Bridgwater man convicted for illegal tobacco sales after Trading Standards swoop

phoebe the dog

Devon and Somerset Trading Standards team with Phoebe the dog

A Bridgwater man has been convicted after pleading guilty to selling illegal tobacco from his shops in Bridgwater and Taunton, following an investigation by Devon and Somerset Trading Standards Service.

44-year-old Abdullah Ulgut of Eastover, Bridgwater was charged with selling, having available to supply and keeping smuggled tobacco which did not have the legally required health warnings or the appropriate duty paid markings.

Following intelligence received, an undercover Trading Standards Officer purchased a 50g pouch of hand rolling tobacco in September 2014, which did not have the appropriate health warnings or duty paid marks.

Officers from the Devon and Somerset Trading Standards Service – a joint service commissioned by Devon and Somerset County Councils – subsequently visited the shop in Bridgwater along with Avon and Somerset Police and ‘Phoebe’ the dog, provided by Smoke Free South West (now Public Health Action), who is specially trained to search for concealed tobacco.  In total 10.75kg of hand rolling tobacco and 3,120 packs of cigarettes (62,400 individual cigarettes), with an estimated retail value of £30,000, were seized from this shop, and from Mr Ulgut’s other shop in Taunton.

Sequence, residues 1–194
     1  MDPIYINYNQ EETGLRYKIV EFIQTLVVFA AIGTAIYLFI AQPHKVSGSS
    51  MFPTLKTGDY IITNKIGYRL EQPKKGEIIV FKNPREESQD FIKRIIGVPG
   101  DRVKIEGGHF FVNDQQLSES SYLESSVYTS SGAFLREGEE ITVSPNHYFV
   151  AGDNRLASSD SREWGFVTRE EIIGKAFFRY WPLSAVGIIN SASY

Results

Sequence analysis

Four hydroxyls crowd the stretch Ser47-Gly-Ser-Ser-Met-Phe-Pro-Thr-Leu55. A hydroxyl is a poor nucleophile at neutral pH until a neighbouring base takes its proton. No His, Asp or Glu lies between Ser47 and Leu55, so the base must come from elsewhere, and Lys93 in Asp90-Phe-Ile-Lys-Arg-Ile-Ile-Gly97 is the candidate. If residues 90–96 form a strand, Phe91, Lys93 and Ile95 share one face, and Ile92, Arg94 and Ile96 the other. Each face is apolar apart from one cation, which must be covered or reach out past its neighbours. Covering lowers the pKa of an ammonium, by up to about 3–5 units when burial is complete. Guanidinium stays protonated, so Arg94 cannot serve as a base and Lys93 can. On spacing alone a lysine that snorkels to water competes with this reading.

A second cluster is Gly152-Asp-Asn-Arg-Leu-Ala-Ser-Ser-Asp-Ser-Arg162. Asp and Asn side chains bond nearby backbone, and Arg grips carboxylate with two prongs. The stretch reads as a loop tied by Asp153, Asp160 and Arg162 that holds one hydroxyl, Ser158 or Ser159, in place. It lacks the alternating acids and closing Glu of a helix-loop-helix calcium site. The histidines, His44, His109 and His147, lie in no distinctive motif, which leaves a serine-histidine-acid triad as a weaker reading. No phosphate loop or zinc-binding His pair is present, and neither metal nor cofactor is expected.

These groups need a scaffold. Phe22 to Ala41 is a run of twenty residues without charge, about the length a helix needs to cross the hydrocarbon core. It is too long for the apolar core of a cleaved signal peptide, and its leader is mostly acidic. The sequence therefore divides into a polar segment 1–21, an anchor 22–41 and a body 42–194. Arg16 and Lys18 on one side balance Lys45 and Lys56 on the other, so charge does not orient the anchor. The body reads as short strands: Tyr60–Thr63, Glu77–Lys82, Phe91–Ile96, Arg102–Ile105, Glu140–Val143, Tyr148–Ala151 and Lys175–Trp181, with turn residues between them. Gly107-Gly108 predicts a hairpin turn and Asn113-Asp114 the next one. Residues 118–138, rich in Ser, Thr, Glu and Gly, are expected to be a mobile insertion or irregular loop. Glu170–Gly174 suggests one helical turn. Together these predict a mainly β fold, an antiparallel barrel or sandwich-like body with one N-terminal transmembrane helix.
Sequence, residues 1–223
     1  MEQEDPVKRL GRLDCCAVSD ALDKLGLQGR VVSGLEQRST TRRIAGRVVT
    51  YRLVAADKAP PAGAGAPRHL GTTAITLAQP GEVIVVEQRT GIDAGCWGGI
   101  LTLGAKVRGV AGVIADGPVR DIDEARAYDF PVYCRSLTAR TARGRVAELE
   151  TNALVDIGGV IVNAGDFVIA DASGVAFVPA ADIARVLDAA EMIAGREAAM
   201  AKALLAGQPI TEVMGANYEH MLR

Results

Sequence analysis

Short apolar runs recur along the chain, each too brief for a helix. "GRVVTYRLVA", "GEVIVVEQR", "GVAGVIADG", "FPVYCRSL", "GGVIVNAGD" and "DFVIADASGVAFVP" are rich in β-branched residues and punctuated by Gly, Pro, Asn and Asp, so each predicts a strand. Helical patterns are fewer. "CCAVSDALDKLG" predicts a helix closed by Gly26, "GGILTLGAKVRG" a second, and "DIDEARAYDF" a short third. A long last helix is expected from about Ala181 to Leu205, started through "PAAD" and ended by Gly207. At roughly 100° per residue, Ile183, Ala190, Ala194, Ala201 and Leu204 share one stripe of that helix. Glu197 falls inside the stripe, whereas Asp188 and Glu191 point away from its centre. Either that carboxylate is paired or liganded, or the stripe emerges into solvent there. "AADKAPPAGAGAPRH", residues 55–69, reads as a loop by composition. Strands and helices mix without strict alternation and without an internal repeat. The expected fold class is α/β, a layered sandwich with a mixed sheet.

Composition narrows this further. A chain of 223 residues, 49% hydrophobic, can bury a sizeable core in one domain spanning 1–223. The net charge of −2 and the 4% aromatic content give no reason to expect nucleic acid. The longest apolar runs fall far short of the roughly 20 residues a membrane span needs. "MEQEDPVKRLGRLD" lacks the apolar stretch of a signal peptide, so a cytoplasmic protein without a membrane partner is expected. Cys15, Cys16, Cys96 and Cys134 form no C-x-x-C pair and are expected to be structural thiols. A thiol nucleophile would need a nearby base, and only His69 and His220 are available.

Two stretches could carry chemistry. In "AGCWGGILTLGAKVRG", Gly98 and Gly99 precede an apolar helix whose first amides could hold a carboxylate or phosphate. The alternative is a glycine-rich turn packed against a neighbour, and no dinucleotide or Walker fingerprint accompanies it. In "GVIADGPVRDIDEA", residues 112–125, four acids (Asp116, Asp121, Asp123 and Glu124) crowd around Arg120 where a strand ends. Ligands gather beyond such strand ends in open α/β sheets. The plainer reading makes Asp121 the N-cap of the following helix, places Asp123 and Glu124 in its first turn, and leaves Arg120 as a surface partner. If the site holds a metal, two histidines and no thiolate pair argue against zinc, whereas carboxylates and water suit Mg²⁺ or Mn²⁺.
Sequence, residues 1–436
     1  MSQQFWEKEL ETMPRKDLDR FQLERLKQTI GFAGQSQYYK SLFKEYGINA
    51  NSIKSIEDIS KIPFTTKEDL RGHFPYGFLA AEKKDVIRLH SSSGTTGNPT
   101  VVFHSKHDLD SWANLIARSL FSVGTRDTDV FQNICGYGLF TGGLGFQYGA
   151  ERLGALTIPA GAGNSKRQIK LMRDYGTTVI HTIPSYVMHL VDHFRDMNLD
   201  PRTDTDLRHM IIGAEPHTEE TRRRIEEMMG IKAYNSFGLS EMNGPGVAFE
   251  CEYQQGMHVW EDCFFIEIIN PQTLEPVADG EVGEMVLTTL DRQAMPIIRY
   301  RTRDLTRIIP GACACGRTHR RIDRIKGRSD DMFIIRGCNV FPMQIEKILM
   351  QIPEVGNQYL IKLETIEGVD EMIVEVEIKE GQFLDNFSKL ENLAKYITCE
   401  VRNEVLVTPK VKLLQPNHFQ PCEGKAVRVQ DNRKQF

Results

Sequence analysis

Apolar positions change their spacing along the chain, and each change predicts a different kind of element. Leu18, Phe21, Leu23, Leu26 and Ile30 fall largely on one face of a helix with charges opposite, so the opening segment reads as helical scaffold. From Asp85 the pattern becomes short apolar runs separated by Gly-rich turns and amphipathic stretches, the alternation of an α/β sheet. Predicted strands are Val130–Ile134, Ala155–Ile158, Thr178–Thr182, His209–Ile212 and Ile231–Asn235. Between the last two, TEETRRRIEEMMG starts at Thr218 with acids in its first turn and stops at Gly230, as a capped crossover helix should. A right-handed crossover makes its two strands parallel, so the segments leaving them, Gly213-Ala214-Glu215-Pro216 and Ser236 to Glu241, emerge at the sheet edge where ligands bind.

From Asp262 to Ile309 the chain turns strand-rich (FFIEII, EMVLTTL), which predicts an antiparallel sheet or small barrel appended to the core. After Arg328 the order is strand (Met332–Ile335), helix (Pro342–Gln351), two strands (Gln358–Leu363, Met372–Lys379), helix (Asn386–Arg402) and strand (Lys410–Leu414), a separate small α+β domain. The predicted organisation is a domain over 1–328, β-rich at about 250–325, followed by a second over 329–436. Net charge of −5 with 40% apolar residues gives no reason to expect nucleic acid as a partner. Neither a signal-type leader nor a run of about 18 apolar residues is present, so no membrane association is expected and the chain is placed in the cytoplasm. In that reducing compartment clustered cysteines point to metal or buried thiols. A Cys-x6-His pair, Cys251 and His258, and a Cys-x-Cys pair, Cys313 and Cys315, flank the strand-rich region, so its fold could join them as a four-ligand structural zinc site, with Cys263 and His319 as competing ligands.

Appearing on Monday (20 July 2015) at Taunton Magistrates Court, Mr. Ulgut was ordered to carry out 160 hours unpaid work and to contribute £910 towards prosecution costs and an £80 victim’s surcharge.

Councillor David Hall, Deputy Leader of Somerset County Council, said:  “These are serious criminal offences. Illegal sales of tobacco in the South West have a huge impact on people’s health. When sold at considerably below the price of legal product they undermine efforts to reduce the prevalence of smoking. They encourage people who want to quit, to maintain their habit.

“We will not tolerate the illegal sales of tobacco and will continue to take firm action to stop this type of activity by using our enforcement powers against those we catch.

“Our officers routinely act on intelligence we receive, as they did in this case, so I would encourage consumers to continue to report those involved in selling illicit tobacco because their valuable information can significantly aid our investigations.”

Councillor Ann Bown, Chairman of the Somerset Health and Wellbeing Board, said: “Young people are particularly at risk from the illegal trade. I would encourage anyone with information about illegal tobacco sellers to report them to Trading Standards or Crimestoppers on 0800 555 111.”